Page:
§ 2 pm
§ Mr. Fred Silvester (Manchester, Withington)
I have been hoping for some time that my name would he drawn out of Mr. Speaker's hat so that we could debate this subject and I am pleased that it has happened at last, though I am sorry for my hon. Friend the Minister for Social Security who has drawn the short straw of replying to the penultimate debate before the recess.
I hope that, although my hon. Friend has a carefully prepared brief from his civil servants, he will throw away some parts of it. I hope that he will not start by telling me that the NHS in the north-west has done relatively well. I know that, and I spend a lot of time telling people that fact. The growth rate in the north-west is 23 per cent. in real terms and is above the national rate. Those who live in Preston, Salford, Wigan, Blackpool, Burnley, Blackburn, Leigh, Bury, Oldham or Tameside will find new hospitals to prove it.
I also do not need to be told that the resource allocation working party system is very good for the north compared with the south, that an extra £52 million has been devoted to the north-west since 1979 and that RAWP is a good system for diverting resources. I know that, too.
I also hope that not too much of my hon. Friend's speech will be devoted to the fact that south Manchester is relatively well off and has 11 per cent. more than the RAWP average for other places in the area. I know that it is the third best in the north-west after Rochdale and Trafford on a hospitalisation index. I mention those facts to get them out of the way. They are agreed and we do not need to debate them.
Let us turn our attention to the nitty-gritty. The regional health authority plan says that Manchester is too attractive. Therefore, it is planned to reduce the number of patient treatments by 9,000 or 10,000—from about 76,000 in 1984 to about 66,000 in 1993. It follows that, with the removal of patients, there will be a removal of beds and of the staff and resources that go with them. The 9,000 or 10,000 patients are to be treated elsewhere in the north-west and the money will go to those districts. We are talking about a localised problem, but one of some magnitude.
While the loss is taking place, south Manchester, like other districts, is witnessing a growth in patient care, reckoned to be 2 or 3 per cent. However, unlike other districts, we are not getting extra money. Indeed, we are losing money. We shall have to deal with additional local patients by squeezing the service provided to them or by sending even more patients elsewhere. That is the basis of the problem.
My right hon. Friend the Secretary of State for the Environment recognised in yesterday's statement on the rate support grant that some authorities have less fat to remove than others, because they are already more efficient. We should apply the same principle to the NHS. Compared with other health authorities, the south Manchester authority is efficient and the fat does not exist.
Over the three years up to 1985–86, south Manchester has increased patient treatments by 11.5 per cent. and increased bed throughput by 13 per cent., at a time when 1481 its revenue has fallen by £3 million. It is the only district in the north-west that has managed higher activity on a lower budget.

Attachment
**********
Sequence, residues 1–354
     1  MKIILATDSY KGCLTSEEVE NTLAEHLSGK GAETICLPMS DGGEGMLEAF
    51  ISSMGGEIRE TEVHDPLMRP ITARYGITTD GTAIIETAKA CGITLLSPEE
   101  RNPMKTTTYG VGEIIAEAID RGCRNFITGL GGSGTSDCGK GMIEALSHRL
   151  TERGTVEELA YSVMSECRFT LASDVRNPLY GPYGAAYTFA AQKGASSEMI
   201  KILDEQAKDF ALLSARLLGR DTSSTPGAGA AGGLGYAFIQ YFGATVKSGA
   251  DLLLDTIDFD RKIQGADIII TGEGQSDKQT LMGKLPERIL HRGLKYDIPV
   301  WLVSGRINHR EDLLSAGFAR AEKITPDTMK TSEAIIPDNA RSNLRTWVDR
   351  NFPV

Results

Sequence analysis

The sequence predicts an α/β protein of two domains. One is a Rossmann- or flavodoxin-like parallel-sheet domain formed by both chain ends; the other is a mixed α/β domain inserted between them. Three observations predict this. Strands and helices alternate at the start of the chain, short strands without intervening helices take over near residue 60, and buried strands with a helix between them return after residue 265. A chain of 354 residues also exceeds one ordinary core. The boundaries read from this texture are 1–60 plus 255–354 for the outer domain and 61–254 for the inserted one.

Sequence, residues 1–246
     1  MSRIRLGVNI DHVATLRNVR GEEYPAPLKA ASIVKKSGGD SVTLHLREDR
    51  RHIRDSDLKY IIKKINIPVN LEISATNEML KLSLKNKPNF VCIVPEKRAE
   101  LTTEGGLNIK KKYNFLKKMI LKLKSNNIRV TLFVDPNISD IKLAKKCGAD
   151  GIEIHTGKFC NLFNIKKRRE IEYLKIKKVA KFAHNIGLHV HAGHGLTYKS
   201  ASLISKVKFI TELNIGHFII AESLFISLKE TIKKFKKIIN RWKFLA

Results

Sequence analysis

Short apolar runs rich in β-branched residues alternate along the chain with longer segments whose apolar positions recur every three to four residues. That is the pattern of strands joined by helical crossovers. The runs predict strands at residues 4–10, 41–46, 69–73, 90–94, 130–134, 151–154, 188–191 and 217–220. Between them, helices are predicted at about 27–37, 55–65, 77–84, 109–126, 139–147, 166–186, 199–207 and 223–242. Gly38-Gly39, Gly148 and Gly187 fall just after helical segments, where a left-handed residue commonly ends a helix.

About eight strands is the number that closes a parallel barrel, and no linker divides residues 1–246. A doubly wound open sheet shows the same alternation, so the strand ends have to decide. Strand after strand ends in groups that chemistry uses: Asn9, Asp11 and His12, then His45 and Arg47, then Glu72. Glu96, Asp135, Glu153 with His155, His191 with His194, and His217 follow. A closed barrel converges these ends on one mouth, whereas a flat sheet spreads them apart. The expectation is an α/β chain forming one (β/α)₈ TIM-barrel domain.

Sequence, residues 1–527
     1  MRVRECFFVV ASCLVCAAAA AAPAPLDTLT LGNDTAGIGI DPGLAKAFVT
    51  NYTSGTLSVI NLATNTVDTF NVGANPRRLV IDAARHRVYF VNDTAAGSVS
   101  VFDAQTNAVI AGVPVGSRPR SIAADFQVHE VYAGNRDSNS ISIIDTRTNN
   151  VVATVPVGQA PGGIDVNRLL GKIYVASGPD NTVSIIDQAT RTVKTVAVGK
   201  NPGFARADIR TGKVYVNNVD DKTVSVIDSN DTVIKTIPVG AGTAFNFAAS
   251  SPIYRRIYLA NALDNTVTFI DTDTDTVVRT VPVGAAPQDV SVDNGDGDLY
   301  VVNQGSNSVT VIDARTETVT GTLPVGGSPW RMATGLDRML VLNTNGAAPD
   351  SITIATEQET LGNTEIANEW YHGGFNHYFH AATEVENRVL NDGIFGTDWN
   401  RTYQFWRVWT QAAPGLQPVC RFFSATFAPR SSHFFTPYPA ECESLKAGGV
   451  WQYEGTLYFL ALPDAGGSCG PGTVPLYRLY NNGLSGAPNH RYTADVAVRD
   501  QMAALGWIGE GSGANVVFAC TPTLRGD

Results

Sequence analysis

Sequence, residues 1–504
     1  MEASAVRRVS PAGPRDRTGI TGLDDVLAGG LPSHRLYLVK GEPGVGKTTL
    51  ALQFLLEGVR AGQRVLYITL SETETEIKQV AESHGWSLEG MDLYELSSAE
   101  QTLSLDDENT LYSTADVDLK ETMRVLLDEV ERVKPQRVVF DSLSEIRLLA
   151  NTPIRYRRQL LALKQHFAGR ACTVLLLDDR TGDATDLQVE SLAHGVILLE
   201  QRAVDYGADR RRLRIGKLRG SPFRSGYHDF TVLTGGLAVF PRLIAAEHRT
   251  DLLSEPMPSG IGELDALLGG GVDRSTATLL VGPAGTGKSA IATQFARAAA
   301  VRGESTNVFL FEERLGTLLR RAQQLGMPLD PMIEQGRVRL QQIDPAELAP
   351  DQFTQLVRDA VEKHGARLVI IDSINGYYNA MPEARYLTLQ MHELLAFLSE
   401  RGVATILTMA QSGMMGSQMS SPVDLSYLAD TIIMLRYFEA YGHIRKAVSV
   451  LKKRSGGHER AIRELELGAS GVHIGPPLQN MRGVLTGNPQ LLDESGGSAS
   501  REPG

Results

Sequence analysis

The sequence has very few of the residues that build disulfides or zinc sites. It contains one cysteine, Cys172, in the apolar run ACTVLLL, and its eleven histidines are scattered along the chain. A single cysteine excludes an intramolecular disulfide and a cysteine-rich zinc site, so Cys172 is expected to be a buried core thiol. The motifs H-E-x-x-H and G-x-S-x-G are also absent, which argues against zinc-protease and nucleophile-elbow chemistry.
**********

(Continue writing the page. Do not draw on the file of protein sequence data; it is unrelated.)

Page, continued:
My hon. Friend the Under-Secretary of State for Health and Social Security claimed in his latest letter to me that south Manchester's efficiency was the result of a massive increase in Government investment. It is true that £5 million capital was spent in the district between 1982 and 1984. However, let us be clear what that means. About £1.25 million of that is going on the cardiac and renal services, which are regional specialties. About £2.8 million is going on the Duchess of York new pediatric unit.
That is being paid for out of the savings—which will accrue by changing from the old service to the new unit —of £600,000 a year. All that the district is obtaining, therefore, is the bridging facility while that money comes in. Meanwhile, to pay for the other on-going expenses at the district level, capital expenses — for example on maintenance—are being severely cut.
The improved cost per patient of the district is due not so much to Government investment, as the Under-Secretary claimed, as to good management and increased efficiency. I emphasise the point about efficiency because the district has the second lowest management costs of the region, at under 3 per cent.
The support costs at the Withington and Christie hospitals are low compared with similar establishments. The staffing at the nursing levels is traditionally lower in the district than in hospitals generally, and the cost per activity in the district is the lowest in the north-west. One might compare, for example, the Royal Marsden with the Christie, two cancer hospitals of international repute. The cost per patient at the Royal Marsden is twice that at the Christie.
To meet the targets and budgets set for the district, the people there have not been idle. We have already closed one geriatric ward, having been told that the region has facilities elsewhere. Let us hope it has. One children's ward is being compressed for a year until the new unit opens. We can live with that. Two chest medicine wards have been closed. Again, the region says that it has scope elsewhere, and we hope it has. The maternity arrangements have been completely reorganised to make savings. Other savings have been made and yet others are projected.